Tuesday, October 18, 2016

The Franz Kafka Museum & John Lennon Wall

The unique space of the Herget Brickworks in Prague's Lesser Quarter on the banks of the Vltava River is home to the Franz Kafka Museum whose exhibitions offers insight into the world of the Prague-born writer, one of the most important figures in 20th century world literature. Kafka's writing has inspired the term "Kafkaesque", used to describe concepts and situations reminiscent of his work, such as 'The Trial' and 'Metamorphosis', where bureaucracies seem to overpower people, often in a surreal, nightmarish way evoking feelings of senselessness, disorientation, and helplessness. Like most of Kafka's works, The Metamorphosis is a metaphorical examination and critique of modern society. In addition to often being physically ill, Kafka fought many mental demons in his lifetime, all of which wormed their way into his works. The museum exhibition explores the intimate relationship between Kafka and the city that shaped him, and features most of the first editions of Kafka's works, correspondence, diaries, manuscripts, photographs and drawings documenting his complex and tragic life, that have never been displayed before. Through the use of video and sound installations with music composed especially for this exhibition, one is transported into an eerie atmospheric world of imaginative displays and surreal spaces. Franz Kafka was very critical of his own literary work and only a small part of his writing was actually published during his life. A major part of his work was however later published thanks to Kafka's friend and writer Max Brod, who did not respect Kafka's wish to burn his manuscripts after he died.

Interior of the Franz Kafka Museum with creatively designed displays and installations

A striking red stairwell in the exhibition is perhaps a metaphor for Kafka's descent into a world of alienation and surrealism

Collection of manuscripts and 1st edition books

First edition cover of The Metamorphosis by Kafka, 1916

A room of black filing cabinets with some open drawers displayed personal letters of Kafka's while he worked as filing clerk, a constant burden and strain on his creativity 

Drawer with original set of Kafka drawings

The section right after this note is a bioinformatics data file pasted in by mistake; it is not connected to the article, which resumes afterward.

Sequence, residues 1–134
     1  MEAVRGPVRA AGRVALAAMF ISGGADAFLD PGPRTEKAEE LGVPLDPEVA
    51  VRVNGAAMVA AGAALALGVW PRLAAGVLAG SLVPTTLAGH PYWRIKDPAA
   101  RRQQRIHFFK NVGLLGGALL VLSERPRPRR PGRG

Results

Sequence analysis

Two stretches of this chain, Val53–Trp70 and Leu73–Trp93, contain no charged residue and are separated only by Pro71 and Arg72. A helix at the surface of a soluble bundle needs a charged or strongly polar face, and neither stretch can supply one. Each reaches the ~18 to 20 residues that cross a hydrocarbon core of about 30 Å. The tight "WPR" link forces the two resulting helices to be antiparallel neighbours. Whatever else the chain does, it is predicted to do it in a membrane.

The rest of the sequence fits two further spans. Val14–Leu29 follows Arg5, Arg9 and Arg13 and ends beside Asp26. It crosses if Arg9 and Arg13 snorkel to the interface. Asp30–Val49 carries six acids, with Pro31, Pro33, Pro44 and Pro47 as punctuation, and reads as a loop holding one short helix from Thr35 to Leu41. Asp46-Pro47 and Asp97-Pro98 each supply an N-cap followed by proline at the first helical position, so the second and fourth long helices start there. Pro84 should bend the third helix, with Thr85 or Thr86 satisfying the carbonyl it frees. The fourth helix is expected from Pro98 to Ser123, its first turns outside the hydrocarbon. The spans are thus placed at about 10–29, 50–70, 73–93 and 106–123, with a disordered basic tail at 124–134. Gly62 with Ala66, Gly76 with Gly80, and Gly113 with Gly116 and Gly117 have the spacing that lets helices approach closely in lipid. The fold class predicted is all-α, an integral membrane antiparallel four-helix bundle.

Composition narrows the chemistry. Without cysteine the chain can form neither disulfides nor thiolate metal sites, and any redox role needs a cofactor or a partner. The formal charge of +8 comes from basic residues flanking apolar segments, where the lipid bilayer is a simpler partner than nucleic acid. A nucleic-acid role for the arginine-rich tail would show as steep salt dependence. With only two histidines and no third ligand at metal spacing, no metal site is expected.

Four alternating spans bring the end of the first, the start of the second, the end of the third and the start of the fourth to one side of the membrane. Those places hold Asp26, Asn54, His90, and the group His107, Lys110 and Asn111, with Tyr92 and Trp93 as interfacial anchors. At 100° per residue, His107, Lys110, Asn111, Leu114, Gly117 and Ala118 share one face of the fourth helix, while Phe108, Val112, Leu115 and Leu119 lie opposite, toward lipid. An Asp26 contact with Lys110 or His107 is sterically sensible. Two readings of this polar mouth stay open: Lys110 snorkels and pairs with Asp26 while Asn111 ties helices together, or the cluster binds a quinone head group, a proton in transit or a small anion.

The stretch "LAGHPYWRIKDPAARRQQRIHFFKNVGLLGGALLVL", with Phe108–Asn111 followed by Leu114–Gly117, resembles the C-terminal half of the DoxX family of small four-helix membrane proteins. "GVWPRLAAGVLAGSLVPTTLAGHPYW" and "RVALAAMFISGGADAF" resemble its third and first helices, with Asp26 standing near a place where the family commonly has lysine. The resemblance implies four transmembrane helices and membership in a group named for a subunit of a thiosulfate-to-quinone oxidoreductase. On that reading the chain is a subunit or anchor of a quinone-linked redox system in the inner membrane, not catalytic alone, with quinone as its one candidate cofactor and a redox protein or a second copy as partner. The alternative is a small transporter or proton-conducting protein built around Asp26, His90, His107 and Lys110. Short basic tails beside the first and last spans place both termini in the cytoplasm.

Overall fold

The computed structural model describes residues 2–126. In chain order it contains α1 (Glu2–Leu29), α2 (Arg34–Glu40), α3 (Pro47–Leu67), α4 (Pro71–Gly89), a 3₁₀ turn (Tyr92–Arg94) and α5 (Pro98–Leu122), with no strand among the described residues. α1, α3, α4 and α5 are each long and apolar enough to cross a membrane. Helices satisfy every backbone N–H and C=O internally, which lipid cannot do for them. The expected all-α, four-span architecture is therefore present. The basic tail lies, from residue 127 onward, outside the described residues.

Displays of letters and photos of different loves in his life, although he never married

Franz Kafka, widely regarded as one of the major figures of 20th-century literature, 
died in 1924 at the age of 40 from tuberculosis

Charles Bridge from the Prague's Mala Strana waterfront — the city that shaped much of Kafka's writing

Covered with grafitti, the John Lennon Wall evolved as a symbol of freedom and rebellion 
against the communist regime in the 1980's

Musician playing Beatles songs

The Lennon Wall has become one of Prague's most popular public landmarks

Prague 'love locks' on Čertovka Bridge

Restaurant next to Čertovka Bridge with tables cantilevered over the canal 

Small wooden riverboats can take passengers from one bank of the Vltava River to the other, 
which is a charming way to enjoy Prague from the water 

Our boat taking us along the canal of Prague's 'Little Venice' 
and past some quaint waterside restaurants 

A beautiful view from the water of Charles Bridge 

Statue of Charles IV, the Holy Roman Emperor and King of Bohemia, at Charles Bridge Tower

Prague's hip New Town neighbourhood with the walking bridge to Slovanský Island and Park

Prague's National Theatre Opera House with its spectacular Renaissance Revival architecture

The 'Dancing' House, also known as the 'Fred & Ginger' Building, was designed by 
architects Vlado Milunic and Frank Gehry

View of the Old Water Tower and Smetana Museum from Legion Bridge

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